I am wondering if it is possible to prove the properties of the Fourier transform (such as scaling or differentiation) formally using their action on test functions?

We know that if $f(t)$ is a generalized function, its Fourier transform is also a generalized function whose action on a test function $\varphi$ is

$$\langle F(\nu), \Phi(\nu)\rangle = \langle f(t), \varphi (-t)\rangle.$$

And inverse Fourier transformation is:

$$\langle f(t), \varphi (t)\rangle=\langle F(\nu), \Phi(-\nu)\rangle.$$

My attempt so far:

(i) $f(at) \leftrightarrow \frac{1}{|a|}F(\frac{\nu}{a})$

I started from the definition of distributions

$$\langle f(at), \varphi(t)\rangle = \intop^\infty_{-\infty} f(at)\varphi(t) dt $$

I need to arrive at $\langle \frac{1}{|a|}F(\frac{\nu}{a}), \Phi(-\nu)\rangle$. How can we do this? I played with some manipulations such as substitution $u=at$, but they didn't work.

(ii) $\frac{df(t)}{dt} \leftrightarrow j2\pi \nu F(\nu)$

Just like the previous case, I don't see how I can arrive at the required result:

$$\langle \frac{df(t)}{dt}, \varphi(t)\rangle =^? \langle j2\pi \nu F(\nu), \Phi(-\nu)\rangle$$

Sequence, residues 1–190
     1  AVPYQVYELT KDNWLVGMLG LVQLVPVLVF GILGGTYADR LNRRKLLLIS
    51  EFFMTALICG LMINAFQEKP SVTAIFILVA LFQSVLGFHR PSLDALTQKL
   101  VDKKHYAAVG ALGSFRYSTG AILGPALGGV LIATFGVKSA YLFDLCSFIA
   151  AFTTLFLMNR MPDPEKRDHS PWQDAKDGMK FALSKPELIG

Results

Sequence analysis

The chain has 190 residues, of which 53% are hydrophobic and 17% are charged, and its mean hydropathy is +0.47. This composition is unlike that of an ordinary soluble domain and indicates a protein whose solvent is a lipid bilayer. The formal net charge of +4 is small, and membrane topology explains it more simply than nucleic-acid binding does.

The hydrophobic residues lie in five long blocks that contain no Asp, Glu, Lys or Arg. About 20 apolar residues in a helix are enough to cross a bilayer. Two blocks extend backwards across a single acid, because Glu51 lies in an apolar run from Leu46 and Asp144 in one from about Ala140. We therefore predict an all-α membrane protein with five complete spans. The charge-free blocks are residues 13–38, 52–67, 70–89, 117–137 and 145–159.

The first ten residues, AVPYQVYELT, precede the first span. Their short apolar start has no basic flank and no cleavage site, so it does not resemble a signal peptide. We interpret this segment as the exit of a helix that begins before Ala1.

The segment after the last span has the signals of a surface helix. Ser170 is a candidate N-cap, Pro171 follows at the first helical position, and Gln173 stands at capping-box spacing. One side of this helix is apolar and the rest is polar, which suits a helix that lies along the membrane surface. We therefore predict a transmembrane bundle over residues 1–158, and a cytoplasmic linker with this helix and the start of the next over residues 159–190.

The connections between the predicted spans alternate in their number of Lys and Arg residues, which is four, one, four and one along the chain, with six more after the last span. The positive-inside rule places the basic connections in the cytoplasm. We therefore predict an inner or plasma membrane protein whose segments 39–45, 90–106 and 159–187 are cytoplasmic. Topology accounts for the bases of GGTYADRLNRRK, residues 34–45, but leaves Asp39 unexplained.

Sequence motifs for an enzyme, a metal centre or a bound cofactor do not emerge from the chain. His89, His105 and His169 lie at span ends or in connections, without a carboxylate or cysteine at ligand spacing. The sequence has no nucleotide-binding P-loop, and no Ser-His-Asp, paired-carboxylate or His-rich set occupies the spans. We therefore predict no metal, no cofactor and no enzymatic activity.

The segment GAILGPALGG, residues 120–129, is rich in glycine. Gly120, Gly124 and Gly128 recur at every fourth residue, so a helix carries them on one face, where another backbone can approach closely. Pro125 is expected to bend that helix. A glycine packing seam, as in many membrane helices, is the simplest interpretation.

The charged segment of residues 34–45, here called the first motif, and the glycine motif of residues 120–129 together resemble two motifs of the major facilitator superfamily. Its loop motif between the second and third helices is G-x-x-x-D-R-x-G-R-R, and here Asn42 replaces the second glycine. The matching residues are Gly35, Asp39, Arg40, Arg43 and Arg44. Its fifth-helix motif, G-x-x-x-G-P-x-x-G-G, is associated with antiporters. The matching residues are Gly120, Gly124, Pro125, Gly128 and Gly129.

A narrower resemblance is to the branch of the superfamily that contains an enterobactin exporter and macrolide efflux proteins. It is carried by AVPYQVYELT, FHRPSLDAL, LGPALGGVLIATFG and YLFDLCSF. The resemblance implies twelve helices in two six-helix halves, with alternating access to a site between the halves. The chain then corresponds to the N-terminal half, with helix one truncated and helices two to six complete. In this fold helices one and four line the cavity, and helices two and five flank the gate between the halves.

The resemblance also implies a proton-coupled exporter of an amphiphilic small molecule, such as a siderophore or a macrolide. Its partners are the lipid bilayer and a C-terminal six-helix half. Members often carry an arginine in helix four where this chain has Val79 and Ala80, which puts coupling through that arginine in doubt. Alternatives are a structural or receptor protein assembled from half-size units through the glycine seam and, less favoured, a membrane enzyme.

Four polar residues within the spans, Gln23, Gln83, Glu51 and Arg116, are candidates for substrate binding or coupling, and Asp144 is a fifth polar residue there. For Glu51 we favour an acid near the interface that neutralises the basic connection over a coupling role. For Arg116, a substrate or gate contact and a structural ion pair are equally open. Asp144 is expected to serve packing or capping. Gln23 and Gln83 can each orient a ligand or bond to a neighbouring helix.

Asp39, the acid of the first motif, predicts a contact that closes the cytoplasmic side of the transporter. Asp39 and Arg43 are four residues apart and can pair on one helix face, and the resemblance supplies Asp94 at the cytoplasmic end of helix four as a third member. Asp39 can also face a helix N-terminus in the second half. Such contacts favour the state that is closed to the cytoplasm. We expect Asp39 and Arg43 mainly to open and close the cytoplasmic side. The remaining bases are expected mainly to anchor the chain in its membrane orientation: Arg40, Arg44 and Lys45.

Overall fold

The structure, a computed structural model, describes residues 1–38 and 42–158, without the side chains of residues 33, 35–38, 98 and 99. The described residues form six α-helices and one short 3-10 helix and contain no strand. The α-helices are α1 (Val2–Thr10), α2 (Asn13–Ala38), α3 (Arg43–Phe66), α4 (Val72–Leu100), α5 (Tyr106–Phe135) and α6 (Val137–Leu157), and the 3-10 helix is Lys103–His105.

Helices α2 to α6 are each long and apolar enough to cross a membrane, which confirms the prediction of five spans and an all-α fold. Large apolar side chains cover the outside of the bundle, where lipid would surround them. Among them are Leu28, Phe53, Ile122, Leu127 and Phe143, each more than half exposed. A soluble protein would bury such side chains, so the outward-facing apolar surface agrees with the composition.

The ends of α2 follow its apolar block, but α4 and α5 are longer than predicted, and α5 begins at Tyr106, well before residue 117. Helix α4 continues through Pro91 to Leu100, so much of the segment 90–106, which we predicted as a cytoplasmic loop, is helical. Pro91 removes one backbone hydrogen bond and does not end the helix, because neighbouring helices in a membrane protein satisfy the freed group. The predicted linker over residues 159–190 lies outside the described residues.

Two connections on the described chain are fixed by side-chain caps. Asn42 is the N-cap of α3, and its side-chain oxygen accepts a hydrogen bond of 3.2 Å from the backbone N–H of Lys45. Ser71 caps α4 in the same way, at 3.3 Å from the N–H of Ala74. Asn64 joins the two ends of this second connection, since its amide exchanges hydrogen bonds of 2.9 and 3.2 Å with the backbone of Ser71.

I am not sure if this would be useful, but for differentiation we have a property that:

$$\langle f'(t), \varphi(t)\rangle = -\langle f(t), \varphi '(t)\rangle.$$

I have never seen a proof of this in any textbook. Any suggestion would be greatly appreciated.

  • $\begingroup$ I'm not sure about your definition, the Fourier transform of a distribution in $S'$ is itself a distribution in $S'$ defined by the action $<\hat{u},\phi> = <u,\hat{\phi}>$ $\endgroup$ – plebmatician Jun 7 '18 at 9:47

For (i), I managed to find:


$$\langle F(\nu),\Phi(\nu)\rangle=\langle f(t),\phi(-t)\rangle$$

$$\langle f(at),\phi(-t)\rangle=\frac{1}{|a|}\langle f(t),\phi(\frac{-t}{a})\rangle$$

$$=\frac{1}{|a|}\langle F(\nu),|a|\Phi(a\nu)\rangle$$

$$=\langle F(\frac{\nu}{a}),\phi(\nu)\rangle$$

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    $\begingroup$ Think to a distribution $T$ as the limit (in the sense of distributions) of a sequence of Schwartz functions $\phi_n$, then the properties of the Fourier transform of Schwartz functions extend naturally to $T$. $\endgroup$ – reuns May 13 '19 at 2:00

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